For example, when working with complex spreadsheets, it's really common for me to have 2 or 4 windows open so as to be able view/interact with separate tabs/ranges of the worksheet.

Presumably the code above could be embedded in a loop that runs through all of the sub windows of a document...guess I need to go study my VBA references to see how that could be done.

2020-11-03 10:49:55

J. Woolley

To run certain code every time a workbook is opened or a new workbook is created, create an Excel add-in (see

1. Open a new workbook, then press Alt+F11 to open Visual Basic Editor (VBE).
2. Select ThisWorkbook and press F7 to View Code.
3. Copy and Paste the following code, adding your code where indicated:

Private WithEvents MyAppEvents As Application
Private Sub Workbook_Open()
Set MyAppEvents = Application
End Sub
Private Sub MyAppEvents_WorkbookOpen(ByVal Wb As Workbook)
If Wb Is ThisWorkbook Then Exit Sub
... add your code here ...
End Sub
Private Sub MyToolboxEvents_NewWorkbook(ByVal Wb As Workbook)
MyAppEvents_WorkbookOpen Wb
End Sub

4. Select VBAProject and press F4, then change the Name property from VBAProject to MyAppEvents.
5. Close the Visual Basic Editor.
6. Press F12 and pick Save as type: Excel Add-in (*.xlam), then File name: MyAppEvents. Copy the folder location for use in step 7 (default is like C:\Users\[Name]\AppData\Roaming\Microsoft\AddIns), then click Save.
7. Close Excel (without saving the temporary workbook created in step 1), then reopen Excel.
8. In Excel's Backstage view, pick Options > Trust Center > Trust Center Settings… > Trusted Locations. If the folder location copied from step 6 is not already listed, click Add new location…, then add it.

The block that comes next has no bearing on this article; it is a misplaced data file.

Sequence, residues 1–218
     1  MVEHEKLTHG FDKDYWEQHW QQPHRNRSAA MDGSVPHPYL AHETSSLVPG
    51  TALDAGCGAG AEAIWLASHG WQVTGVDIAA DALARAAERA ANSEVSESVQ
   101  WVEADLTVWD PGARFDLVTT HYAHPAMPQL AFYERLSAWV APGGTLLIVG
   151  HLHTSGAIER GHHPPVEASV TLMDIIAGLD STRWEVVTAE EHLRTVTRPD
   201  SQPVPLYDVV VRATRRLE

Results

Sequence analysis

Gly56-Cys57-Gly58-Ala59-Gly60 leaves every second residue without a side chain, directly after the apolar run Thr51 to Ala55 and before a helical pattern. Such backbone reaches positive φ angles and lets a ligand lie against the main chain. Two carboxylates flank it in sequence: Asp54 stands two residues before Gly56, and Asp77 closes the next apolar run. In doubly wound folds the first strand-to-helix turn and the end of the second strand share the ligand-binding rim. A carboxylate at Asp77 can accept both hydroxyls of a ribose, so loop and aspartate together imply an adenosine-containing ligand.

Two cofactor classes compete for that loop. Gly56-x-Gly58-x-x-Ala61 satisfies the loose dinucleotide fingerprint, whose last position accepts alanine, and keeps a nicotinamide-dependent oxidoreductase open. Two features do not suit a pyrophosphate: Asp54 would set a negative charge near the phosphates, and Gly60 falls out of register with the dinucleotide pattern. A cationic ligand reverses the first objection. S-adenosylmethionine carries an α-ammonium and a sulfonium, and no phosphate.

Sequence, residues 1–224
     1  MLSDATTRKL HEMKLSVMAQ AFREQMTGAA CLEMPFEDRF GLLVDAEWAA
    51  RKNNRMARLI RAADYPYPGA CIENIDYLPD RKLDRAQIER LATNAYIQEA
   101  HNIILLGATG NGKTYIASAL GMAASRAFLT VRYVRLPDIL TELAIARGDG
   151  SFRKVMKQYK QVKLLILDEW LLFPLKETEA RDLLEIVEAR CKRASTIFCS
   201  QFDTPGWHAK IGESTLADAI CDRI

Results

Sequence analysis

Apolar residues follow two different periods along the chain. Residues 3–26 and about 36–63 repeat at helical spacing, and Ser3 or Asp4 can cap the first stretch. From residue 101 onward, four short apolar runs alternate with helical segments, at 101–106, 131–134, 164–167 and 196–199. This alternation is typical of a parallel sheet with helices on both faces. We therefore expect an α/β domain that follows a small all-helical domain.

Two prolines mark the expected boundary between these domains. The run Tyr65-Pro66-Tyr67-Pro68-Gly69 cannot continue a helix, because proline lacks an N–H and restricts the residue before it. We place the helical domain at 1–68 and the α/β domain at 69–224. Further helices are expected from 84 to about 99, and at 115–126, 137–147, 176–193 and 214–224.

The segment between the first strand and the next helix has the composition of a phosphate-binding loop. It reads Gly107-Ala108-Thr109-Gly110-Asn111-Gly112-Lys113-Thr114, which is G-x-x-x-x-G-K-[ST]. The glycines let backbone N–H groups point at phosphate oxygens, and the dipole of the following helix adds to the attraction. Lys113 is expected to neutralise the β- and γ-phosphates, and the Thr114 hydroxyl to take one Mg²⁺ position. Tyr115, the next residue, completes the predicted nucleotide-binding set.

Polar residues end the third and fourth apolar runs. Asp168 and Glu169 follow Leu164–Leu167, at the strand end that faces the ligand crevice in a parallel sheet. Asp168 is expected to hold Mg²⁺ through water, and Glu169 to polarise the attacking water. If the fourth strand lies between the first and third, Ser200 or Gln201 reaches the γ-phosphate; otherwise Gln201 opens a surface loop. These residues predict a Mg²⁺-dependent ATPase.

9. Pick Options > Add-ins > Manage: Excel Add-ins > Go… > Browse…, then select MyAppEvents.xlam. (Excel Add-ins can also be managed using the Developer ribbon.)

As long as the MyAppEvents add-in is enabled, your code will run every time a workbook is opened or a new workbook is created.
BTW, you might be interested in this related Tip:
And you might be interested in my web site:

2020-11-02 15:27:01


This is a great idea. it seems like you have to add this code to every workbook that you open and work on and then save it after you insert this macro. Is there any way to have this code run on any workbook that is opened or closed that way I don't have to insert this code into every workbook? Is there a spot that I can put this code so it will trigger with any workbook that I work on?

2020-05-04 00:12:29



try this:

With ThisWorkbook
ActiveWindow.WindowState = xlNormal
ActiveWindow.Top = Val(Mid(.Names("WinTop").RefersTo, 2))
ActiveWindow.Left = Val(Mid(.Names("WinLeft").RefersTo, 2))
ActiveWindow.Width = Val(Mid(.Names("WinWidth").RefersTo, 2))
ActiveWindow.Height = Val(Mid(.Names("WinHeight").RefersTo, 2))
End With

2020-02-06 14:21:17